Double Edged Sword; 8 Current NFL Players Who May Have to Retire Early
In pretty much every NFL game, the players on the field are giving everything they’ve got to try and help their team win.
Because of this, it can be difficult for any one player’s effort to standout and really catch your attention on a game-by-game basis.
At the same time, there are a handful of players who play the game with so much passion, toughness, and ferocity that it’s impossible to ignore their presence on the football field and this inspired play can actually transcend the game.
These athletes are some of the most beloved NFL players because their fearless style of play not only sets the tone for the rest of their team and defines the player himself, but it can also intimidate their opponents.
These players hard hitting, punishing, and intense brand of football is a double-edged sword because while it enables them to be great, it also wears down their bodies much quicker than other players who simply run out of bounds or those who look to wrap up the ball carrier rather than deliver that bone-jarring hit.
Earl Campbell’s career is one of the best examples of a great player whose style of play ended his career prematurely.
The punishing 5’11’’ Texas native exploded onto the NFL scene in 1978 where he put defenders on notice that having to tackle him for a day would leave them sore the next morning.
Unfortunately, Campbell’s tough running style only allowed him to play eight years in the NFL and because of the toll his playing style had taken on his body, the prolific power back, whose skills had begun to decline, was forced to retire at only 30 years old.
These eight NFL players are some of the toughest, most awe-inspiring performers the game has today, but no matter how tough they are, history tells us that their style of play is going to catch up to them sooner rather than later.
Because of the effect he can have on a game, it’s hard to argue with the fact that the USC alum is one of the most effective defensive players in the NFL today.
Turn on any given Steelers game and you will see Polamalu running all over the field, sacrificing his body to make play after play and generally wreaking havoc on the opposing offense's game plan.
At 5’10’’ and around 210 pounds, Troy isn’t exactly a small guy, but in the NFL he is almost always at a size disadvantage when trying to bring down opposing running backs, tight ends, or receivers.
But Polamalu makes up for the fact that he’s smaller than those he’s trying to tackle with strength, speed, toughness, and sheer determination.
But perhaps the best part of Polamalu’s game is the fearlessness with which he plays, as you will never see him back down from anyone or shy away from contact.
Of course, this fearlessness is what makes him such a valuable player but at the same time it puts Polamalu in vulnerable situations in which injuries can occur.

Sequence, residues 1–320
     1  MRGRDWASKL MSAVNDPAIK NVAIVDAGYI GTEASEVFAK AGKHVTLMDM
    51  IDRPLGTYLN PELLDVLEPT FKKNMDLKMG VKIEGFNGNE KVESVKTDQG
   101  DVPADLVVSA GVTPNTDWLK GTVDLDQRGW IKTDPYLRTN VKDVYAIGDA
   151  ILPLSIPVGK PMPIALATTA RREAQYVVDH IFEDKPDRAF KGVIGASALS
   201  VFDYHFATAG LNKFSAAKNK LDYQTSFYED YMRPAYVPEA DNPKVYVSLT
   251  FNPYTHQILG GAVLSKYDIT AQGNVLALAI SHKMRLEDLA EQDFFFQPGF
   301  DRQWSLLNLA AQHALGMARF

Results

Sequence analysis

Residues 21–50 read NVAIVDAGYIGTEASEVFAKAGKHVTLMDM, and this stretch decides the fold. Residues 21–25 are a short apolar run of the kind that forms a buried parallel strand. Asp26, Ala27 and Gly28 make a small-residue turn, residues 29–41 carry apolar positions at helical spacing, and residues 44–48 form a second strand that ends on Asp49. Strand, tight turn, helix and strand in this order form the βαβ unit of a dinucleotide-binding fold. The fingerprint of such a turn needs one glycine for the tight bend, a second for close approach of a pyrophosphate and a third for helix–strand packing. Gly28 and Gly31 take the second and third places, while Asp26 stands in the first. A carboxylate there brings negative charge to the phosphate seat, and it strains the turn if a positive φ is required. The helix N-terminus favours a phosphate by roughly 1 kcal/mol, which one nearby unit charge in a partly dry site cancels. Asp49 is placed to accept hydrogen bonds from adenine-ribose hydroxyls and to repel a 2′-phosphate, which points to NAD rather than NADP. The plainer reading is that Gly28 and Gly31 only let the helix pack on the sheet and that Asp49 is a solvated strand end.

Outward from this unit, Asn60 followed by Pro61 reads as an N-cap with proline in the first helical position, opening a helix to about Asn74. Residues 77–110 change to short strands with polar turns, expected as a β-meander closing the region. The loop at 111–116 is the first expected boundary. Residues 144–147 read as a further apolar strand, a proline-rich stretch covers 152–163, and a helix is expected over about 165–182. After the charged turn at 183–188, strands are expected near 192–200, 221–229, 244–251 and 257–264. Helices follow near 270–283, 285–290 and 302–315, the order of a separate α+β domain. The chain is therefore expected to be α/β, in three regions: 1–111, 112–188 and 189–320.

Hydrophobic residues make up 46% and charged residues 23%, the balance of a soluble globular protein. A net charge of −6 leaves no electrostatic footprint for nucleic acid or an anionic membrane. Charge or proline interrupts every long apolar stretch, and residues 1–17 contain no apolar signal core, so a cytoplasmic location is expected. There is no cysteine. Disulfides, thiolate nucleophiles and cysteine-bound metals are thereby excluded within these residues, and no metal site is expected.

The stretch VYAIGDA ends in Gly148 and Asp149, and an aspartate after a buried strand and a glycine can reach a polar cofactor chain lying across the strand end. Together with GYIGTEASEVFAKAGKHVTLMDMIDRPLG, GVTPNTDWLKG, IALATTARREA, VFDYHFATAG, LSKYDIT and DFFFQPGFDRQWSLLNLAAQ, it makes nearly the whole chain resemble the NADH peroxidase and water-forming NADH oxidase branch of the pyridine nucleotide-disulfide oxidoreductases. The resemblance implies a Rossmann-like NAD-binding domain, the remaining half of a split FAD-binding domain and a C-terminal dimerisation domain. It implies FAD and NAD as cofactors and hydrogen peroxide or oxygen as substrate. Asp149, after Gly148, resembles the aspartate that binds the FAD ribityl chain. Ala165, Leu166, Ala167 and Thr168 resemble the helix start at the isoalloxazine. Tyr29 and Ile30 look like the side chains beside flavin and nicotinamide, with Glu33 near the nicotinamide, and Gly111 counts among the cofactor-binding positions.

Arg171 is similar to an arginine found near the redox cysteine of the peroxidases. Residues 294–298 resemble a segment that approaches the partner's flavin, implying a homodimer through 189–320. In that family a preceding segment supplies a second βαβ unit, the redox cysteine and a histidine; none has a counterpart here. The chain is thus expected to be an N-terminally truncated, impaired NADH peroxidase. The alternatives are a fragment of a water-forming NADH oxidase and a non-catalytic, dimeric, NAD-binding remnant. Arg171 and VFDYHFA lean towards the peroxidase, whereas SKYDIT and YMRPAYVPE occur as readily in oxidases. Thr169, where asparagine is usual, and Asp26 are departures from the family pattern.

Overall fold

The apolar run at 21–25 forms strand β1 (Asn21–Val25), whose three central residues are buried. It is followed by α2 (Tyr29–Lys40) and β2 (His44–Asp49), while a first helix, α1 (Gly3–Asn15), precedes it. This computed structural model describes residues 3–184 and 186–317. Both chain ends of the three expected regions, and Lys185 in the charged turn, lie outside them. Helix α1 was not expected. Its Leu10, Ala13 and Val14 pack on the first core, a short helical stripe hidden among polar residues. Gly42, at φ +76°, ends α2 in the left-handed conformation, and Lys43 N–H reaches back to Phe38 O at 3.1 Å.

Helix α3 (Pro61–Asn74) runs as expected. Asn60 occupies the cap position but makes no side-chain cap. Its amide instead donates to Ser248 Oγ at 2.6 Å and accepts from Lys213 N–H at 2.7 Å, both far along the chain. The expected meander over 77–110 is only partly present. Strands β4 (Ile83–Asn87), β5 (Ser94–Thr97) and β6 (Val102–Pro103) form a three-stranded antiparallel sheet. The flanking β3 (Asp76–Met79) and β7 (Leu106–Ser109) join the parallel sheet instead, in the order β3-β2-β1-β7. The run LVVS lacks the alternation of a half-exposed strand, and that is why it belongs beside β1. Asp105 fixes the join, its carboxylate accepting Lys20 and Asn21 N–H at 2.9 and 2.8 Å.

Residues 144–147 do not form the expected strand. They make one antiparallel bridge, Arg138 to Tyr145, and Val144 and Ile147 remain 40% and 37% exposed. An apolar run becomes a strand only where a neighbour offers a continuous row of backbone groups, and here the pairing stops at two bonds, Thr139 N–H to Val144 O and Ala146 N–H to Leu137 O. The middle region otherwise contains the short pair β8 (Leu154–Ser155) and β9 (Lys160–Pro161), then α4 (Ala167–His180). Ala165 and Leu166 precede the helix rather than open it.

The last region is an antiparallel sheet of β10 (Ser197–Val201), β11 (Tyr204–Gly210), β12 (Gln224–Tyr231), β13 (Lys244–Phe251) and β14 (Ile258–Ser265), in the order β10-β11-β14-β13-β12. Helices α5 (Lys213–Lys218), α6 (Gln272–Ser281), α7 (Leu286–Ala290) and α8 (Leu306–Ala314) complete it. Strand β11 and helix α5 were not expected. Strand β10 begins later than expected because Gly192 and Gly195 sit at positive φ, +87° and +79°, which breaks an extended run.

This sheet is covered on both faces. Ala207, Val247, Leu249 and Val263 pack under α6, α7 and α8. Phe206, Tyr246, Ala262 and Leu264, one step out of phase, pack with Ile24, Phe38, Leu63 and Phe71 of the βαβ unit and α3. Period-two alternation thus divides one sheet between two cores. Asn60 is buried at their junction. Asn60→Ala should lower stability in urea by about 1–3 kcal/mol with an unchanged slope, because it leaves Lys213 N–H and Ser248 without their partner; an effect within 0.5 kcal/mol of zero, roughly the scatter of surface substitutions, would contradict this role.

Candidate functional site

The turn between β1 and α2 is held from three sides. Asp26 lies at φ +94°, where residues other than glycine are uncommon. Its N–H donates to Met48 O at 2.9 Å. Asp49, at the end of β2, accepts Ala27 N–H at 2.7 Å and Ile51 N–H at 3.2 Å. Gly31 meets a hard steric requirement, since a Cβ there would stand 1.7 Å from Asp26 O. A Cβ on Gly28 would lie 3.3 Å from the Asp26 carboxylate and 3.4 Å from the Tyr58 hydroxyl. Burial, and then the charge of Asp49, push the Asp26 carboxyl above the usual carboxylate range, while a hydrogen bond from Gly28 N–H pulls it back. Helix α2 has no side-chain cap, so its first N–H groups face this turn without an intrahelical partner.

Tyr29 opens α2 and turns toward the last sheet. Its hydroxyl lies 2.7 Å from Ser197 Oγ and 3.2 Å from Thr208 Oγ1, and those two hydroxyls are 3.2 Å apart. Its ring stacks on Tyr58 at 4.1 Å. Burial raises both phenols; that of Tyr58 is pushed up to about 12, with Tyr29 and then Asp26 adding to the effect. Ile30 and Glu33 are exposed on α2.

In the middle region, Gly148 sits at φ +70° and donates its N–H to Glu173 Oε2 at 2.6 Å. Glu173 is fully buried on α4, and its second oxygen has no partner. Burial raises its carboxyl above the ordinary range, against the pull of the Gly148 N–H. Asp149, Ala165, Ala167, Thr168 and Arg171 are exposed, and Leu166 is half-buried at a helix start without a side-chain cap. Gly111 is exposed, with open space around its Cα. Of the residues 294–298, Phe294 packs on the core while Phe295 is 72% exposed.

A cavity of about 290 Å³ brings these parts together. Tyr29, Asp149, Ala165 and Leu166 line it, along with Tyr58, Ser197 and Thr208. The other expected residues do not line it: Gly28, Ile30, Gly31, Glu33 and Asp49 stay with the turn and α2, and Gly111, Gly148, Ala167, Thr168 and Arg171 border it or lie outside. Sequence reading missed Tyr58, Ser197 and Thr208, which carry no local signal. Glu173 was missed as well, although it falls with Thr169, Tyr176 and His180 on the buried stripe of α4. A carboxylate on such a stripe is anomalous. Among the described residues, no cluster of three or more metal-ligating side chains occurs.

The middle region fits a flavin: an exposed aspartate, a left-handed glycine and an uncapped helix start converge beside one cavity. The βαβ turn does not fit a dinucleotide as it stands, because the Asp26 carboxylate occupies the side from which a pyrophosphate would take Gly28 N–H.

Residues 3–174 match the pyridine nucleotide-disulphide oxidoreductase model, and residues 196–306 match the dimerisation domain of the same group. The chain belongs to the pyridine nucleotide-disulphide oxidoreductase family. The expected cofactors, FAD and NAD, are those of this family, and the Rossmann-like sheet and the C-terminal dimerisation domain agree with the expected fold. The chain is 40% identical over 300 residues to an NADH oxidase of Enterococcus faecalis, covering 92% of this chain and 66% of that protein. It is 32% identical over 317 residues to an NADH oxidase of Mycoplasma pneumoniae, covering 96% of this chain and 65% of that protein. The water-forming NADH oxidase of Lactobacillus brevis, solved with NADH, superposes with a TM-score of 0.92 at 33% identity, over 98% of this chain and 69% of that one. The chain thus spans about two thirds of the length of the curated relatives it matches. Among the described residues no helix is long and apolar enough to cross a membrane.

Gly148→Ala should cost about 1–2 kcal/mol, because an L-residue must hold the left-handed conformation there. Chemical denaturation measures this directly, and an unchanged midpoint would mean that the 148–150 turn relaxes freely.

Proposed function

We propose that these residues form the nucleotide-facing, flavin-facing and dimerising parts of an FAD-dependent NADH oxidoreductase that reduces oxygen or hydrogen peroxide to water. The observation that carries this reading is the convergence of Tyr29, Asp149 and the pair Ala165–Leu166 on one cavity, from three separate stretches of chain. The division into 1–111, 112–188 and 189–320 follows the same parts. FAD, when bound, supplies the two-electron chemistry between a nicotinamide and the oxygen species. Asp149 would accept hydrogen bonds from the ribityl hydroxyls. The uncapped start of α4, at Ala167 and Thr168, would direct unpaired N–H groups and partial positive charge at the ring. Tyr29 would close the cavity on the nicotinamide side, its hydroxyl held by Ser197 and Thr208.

With the exception of 2009, Polamalu has stayed reasonably healthy over his seven year career especially considering his style of play.
But at 29 years old, time and big hits may begin to take their toll on Troy’s magnificent career.
Few players can set the tone for a game like Jacobs can, but then again, few players are as physically imposing.
Standing 6’4’’, weighing a ridiculous 264 pounds, and possessing enough speed to turn the corner, Jacobs is truly a defender's worst nightmare.
For most of the past five seasons, he has been steamrolling pretty much any defender dumb enough to try and tackle him by himself, and he was an integral part of the Giants' Super Bowl championship run in 2008.
Jacobs also has the ability to fire up the rest of his team with his bone-crushing runs; just ask Charles Woodson or LaRon Landry about those.
But regardless of how big, strong, and nasty Jacobs plays the game, he also feels the effects of the punishment he inflicts on defenders.
Anyone who runs the way Jacobs does is bound to have some injury troubles, and he has battled his share of nagging aches and pains throughout his time in the NFL.
While none of these injuries have been very serious, it seems we’ve already begun to see his body wear down from the constant punishment it has endured over the last five seasons.
In 2009, Jacobs fought through a few injuries yet again, but also seemed much more hesitant at the line of scrimmage, which led to him posting his lowest yards per carry since his rookie season.
At 28 years of age, Jacobs should still have a few good years in the tank, but I don’t think anyone would be surprised if he was out of the NFL by 30 or 31.
Another guy who defenders see in their nightmares is the Cowboys' Marion Barber.
Nicknamed "The Barbarian," this guy’s one of the toughest, hardest-running ball carriers the league has to offer, and if you’re trying to bring him down, you better bring two or three guys.
Barber runs with a reckless abandon that makes him extremely difficult to bring down, and it’s not surprising to see Barber standing in the end zone with three or four failed tacklers laying in his wake.
What makes Barber’s skill as a ball carrier even more impressive is that almost every time he touches the ball, he’s usually the one delivering the hit to the defender, instead of the other way around.
With his hard-hitting style of running and relentless ability to stay on his feet, Barber routinely sustains five or six hits on a given carry that would leave regular running backs on their backsides.
Barber has been lucky through his first five seasons in the NFL, because the Cowboys have used him in conjunction with other backs, thus limiting his carries and the pounding he takes.
But eventually, Barber’s ability to absorb contact from multiple hits on a given play will take its toll on the bruising back’s impressive physique.
Steve Smith (Panthers)